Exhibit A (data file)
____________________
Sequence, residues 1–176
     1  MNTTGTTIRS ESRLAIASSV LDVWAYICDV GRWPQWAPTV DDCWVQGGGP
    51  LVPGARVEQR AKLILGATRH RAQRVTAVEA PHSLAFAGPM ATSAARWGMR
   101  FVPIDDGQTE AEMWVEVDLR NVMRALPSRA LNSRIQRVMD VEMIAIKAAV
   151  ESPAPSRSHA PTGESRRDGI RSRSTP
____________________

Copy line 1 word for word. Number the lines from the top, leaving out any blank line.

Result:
Sequence, residues 1–176